Phosphorylation levels of phospho-PKC substrates further rose to a maximum at around 6 min and stayed almost at this level for up to an hour before decreasing a few hours later (Fig. 3). Moreover, the percentage of sperm motility remained relatively constant during the first 60 min and then dropped significantly after 5 h. This correlation between motility and the level of phospho-PKC substrates, as well as the inhibitory effect of chelerythrine, calphostin C and Gö6976 on these two phenomena (Figs 1 and 4), strongly suggests that PKC activation and phosphorylation of its target proteins are tightly associated with or may even be an absolute requirement for the maintenance of motility in intact sea urchin spermatozoa. It is reasonable to speculate that some of these phospho-PKC substrates are most likely exerting their ultimate effect on axonemal dyneins, the molecular motors powering motility, considering that the majority of these were recovered in the flagella (Triton X-100-soluble and -insoluble flagellar fractions) (Fig. 5). Strong reduction of sea urchin sperm velocities observed in the presence of chelerythrine and calphostin C (Fig. 1B) is also in agreement with the previous statement. It is known that reduced dynein activity is mechanically translated by a decrease in flagellar beat frequency and therefore in slower swimming of spermatozoa (Porter and Sale, 2000).

PKC detection in the flagellum (Figs 6 and 7) is of particular interest and is consistent with the fact that PKC inhibitors can rapidly stop intact sea urchin sperm movement. Moreover, molecular redistribution of PKC upon motility initiation is suggested by immunolocalization experiments (Fig. 7) where a clear patchy fluorescence distribution was observed along the flagellum of motile spermatozoa compared with immotile sperm. This is in agreement with reports linking the presence of PKC to human sperm flagellar motility (Rotem et al., 1990; Kalina et al., 1995) because of the direct correlation between the number of PKC-stained sperm cells and the number of motile spermatozoa. It was later shown by electron microscopy and the immunogold technique that PKC was ultrastructurally localized in patches along the mid-, principal and end pieces of the flagellum, demonstrating a close association of PKC with flagellar axonemes and outer dense fibers in human spermatozoa as well as in the acrosome, equatorial segment and post-acrosomal region of the sperm head (Kalina et al., 1995). As a matter of fact, we also found a PKC fluorescent spot in the acrosomal region at the tip of the sea urchin sperm head. Moreover, a role for PKC has been suggested in the acrosome reaction of mammalian spermatozoa (De Jonge et al., 1991; Breitbart et al., 1992; Lee et al., 1987). Even though weakly visible, the PKC band was also detectable by immunoblotting in the sea urchin sperm head with the anti-phospho-PKC pan antibody (D.W., unpublished results).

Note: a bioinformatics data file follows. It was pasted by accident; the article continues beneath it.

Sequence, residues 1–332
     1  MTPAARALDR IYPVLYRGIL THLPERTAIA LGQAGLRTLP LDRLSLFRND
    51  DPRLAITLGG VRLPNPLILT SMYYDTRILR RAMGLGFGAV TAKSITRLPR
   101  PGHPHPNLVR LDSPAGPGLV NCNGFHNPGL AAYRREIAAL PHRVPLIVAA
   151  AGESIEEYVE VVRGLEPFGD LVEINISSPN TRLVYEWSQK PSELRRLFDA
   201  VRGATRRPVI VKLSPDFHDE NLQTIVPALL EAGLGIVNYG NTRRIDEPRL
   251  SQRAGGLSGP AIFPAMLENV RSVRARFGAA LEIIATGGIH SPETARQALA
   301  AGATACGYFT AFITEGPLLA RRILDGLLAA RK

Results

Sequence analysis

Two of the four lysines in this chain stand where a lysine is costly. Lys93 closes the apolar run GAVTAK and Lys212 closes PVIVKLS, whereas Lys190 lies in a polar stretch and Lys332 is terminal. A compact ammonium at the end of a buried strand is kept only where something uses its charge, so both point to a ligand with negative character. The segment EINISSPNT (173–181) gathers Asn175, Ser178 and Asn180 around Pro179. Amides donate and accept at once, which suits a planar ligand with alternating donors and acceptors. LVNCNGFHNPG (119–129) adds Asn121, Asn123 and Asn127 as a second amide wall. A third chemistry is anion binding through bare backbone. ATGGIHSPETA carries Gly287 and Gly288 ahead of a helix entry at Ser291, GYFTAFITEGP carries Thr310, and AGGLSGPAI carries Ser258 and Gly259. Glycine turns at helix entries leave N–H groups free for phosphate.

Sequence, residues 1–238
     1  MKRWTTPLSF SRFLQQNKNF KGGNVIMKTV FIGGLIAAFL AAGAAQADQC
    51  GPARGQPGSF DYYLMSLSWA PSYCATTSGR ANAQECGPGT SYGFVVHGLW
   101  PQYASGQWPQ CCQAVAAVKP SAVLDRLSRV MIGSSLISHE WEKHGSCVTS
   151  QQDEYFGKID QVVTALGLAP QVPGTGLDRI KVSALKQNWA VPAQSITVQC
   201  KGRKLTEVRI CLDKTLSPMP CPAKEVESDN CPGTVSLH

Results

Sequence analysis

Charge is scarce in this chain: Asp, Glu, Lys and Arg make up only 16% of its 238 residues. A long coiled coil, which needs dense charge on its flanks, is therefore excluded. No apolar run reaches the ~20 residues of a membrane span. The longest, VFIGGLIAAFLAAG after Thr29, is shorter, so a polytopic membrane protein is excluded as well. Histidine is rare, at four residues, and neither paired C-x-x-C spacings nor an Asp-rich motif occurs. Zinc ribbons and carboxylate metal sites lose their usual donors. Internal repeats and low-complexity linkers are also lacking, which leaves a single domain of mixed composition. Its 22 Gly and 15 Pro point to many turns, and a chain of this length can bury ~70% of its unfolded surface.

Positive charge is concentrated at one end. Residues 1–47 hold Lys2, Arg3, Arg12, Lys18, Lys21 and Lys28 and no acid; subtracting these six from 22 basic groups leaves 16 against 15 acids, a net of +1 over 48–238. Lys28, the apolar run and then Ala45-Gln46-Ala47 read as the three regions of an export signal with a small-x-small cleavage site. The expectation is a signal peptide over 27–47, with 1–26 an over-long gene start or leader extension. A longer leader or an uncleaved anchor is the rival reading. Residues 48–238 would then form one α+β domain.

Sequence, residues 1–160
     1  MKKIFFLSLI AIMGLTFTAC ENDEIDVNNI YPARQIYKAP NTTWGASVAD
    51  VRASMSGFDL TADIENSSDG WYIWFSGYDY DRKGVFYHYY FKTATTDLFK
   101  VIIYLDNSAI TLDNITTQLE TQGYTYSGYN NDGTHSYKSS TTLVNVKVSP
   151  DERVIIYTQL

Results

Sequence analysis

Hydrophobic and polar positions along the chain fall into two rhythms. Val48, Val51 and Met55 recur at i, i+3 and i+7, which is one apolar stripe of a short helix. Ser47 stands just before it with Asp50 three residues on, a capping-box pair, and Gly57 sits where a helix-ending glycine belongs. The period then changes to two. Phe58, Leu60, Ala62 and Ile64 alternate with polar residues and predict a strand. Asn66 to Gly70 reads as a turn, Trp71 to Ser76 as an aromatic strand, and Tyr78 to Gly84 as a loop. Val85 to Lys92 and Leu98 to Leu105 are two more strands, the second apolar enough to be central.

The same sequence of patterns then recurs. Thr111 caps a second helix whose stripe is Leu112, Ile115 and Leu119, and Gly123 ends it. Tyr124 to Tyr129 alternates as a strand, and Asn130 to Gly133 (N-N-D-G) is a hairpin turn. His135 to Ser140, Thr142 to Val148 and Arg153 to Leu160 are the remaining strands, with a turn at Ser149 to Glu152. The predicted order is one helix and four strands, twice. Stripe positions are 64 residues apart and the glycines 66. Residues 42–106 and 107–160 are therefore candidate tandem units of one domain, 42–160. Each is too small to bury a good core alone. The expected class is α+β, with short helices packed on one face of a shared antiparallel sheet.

Although the Mr (135–140 kDa) of the PKC protein is about 60% higher than those of the majority of PKC isozymes usually detected in mammalian cells (78–85 kDa) (Newton, 1995), it may just represent a specific sea urchin PKC isoform. For instance, the molecular mass of Pkc1, a PKC found in the yeast S. cerevisiae, is 132 kDa (Antonsson et al., 1994; Mellor and Parker, 1998). PKC represents a large family of enzymes with at least 10 isoforms (Mellor and Parker, 1998). In the sea urchin, four different PKC genes have been found in the recently released Strongylocentrotes purpuratus genome (Bradham et al., 2006). The PKC inhibitors, as well as the antibodies used herein, can act (or react) on several mammalian PKC isoforms, and not necessarily with the same potency on each isoform. These chemicals were not equally effective in inhibiting intact sea urchin sperm motility, which may suggest the participation of one or more specific PKC isoforms. Nevertheless, any attempt at this point to discriminate between PKC isoforms remains totally speculative. Differentiating between PKC isozymes as well as establishing their distribution in sea urchin sperm cells are definitely questions to be addressed in the future.